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Southern Alberta canola farmers reap benefits of indirect trade deals

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WATCH ABOVE: Despite the political conflicts with China that have caused major trade disputes, Canada's canola is still on top. As Emily Olsen reports, Alberta producers are getting top dollar this harvest— partly thanks to middleman trade deals – Aug 11, 2020

Despite the political conflicts between China and Canada which have caused major trade disputes, Canada’s canola is still on top.

Canola producers say they are getting top dollar this harvest, partly thanks to middle-man trade deals.

READ MORE: Demand for Canadian canola soars as shippers find roundabout way to reach China 

Canola farmer John McKee says — like other producers — he has kept an eye on how  political tensions with China have impacted canola sales, especially in the year-and-a-half since China blocked two major Canadian canola exporters.

“Throughout the winter, there were little reports of canola disappearing at a higher rate than it should be, and nobody could really say where it was going to,” McKee said.

“And now it’s become obvious they’re buying our canola through other countries.”

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McKee says he’s seeing the benefits in this year’s harvest.

“It’s a relief to see as much canola disappearing from Canada as has been,” he said. “And that is kind of driving a price rally at this time — at harvest time.”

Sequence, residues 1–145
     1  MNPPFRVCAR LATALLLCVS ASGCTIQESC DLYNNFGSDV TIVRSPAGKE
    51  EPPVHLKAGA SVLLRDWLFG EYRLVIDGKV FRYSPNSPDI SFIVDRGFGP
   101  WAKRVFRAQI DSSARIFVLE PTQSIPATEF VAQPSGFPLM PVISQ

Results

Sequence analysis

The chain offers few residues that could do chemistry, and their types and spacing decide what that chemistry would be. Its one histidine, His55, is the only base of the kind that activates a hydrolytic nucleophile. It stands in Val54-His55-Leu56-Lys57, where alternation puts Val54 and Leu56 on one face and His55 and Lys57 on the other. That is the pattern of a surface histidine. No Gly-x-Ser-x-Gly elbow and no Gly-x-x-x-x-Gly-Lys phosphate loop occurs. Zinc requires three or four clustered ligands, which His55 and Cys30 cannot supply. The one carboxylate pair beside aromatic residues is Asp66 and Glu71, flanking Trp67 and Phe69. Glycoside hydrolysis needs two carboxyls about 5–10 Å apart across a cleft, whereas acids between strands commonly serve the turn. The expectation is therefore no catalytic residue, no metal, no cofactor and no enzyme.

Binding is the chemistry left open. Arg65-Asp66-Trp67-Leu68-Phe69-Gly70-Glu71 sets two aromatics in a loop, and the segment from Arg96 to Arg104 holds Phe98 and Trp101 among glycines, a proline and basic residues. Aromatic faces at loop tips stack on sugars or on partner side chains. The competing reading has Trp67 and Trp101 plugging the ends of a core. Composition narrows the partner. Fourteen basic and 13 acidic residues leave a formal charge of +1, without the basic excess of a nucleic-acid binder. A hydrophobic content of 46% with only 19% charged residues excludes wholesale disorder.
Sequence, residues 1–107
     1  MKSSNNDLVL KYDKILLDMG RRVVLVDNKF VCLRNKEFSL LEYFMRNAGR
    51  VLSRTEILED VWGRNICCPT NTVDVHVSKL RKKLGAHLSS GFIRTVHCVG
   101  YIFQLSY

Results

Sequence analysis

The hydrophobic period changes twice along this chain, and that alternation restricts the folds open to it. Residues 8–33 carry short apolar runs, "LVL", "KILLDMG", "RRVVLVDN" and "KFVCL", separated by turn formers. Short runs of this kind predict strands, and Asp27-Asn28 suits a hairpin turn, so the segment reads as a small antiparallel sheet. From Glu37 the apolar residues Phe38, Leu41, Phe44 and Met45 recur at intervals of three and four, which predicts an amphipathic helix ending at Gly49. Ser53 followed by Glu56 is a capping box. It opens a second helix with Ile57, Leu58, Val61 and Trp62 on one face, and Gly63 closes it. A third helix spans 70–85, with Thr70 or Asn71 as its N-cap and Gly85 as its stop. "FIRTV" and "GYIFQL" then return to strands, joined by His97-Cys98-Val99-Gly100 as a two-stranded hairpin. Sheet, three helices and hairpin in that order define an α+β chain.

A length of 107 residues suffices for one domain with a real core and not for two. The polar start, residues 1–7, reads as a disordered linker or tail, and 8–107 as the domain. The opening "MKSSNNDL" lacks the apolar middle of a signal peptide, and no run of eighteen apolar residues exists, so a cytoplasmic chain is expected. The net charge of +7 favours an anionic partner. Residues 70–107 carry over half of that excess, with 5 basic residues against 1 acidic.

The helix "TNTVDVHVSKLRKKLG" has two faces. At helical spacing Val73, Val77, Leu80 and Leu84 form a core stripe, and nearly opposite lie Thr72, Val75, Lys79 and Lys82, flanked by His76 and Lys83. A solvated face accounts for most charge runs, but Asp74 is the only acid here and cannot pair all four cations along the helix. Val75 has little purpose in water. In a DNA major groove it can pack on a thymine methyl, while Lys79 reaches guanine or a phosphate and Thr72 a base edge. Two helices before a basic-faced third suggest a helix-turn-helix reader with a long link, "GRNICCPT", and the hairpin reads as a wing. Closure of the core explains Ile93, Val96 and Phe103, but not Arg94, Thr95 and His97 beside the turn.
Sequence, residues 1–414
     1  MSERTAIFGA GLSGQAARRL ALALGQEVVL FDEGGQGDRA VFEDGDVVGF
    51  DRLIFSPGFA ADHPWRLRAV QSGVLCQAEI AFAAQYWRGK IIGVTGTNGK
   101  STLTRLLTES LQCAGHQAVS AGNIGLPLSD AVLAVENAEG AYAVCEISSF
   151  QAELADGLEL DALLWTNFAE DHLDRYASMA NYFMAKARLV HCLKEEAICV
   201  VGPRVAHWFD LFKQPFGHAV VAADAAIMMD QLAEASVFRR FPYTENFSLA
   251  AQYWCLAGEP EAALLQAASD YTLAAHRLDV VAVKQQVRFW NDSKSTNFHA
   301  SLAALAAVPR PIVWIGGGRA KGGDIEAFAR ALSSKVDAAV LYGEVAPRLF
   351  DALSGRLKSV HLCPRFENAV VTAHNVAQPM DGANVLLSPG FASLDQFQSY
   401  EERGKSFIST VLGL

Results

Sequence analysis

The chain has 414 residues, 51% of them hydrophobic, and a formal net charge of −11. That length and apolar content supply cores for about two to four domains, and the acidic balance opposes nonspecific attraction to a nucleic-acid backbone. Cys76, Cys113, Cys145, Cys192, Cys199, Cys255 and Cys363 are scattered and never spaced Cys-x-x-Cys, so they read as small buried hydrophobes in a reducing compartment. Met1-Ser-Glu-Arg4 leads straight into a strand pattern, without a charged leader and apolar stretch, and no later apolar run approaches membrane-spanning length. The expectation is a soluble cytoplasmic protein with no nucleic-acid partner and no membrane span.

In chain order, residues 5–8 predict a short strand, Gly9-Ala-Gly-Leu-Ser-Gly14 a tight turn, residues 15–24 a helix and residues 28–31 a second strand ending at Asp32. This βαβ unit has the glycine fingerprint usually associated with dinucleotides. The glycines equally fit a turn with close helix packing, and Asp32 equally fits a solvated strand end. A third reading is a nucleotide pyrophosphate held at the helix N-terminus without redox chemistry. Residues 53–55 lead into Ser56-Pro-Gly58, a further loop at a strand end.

Canola Council Of Canada officials say while the increased price is good, China’s import ban is still impacting the Canadian economy.

READ MORE: China lifting meat ban ‘a good first step’ for canola: producers association

“We’re shipping approximately a third to a half of what we normally would ship for canola seeds to China,” said Brian Innes, vice-president of public affairs for the Canola Council of Canada.

“And the Industry as a whole has rallied around getting more and better market access to places such as Europe and Pakistan.”  

The council estimates around $1 billion in total losses this year, even with other countries reportedly acting as middle men.

“While it’s true that some of the oil produced in Dubai from our canola is going to China, it’s also true that we’ve exported similar amounts to Dubai in the past,” Innes explained.

McKee says he knows Canadian canola will remain valuable to countries like China. 

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READ MORE: Canada seeks meeting with China at WTO over canola ban 

His main concern is continuing to grow and produce quality food for others.

“Food is a political issue and it seems to be easily manipulated,” McKee said.

“Person to person, if somebody in a country on the other side of the world is able to access my canola oil — my canola — I’m happy about that.”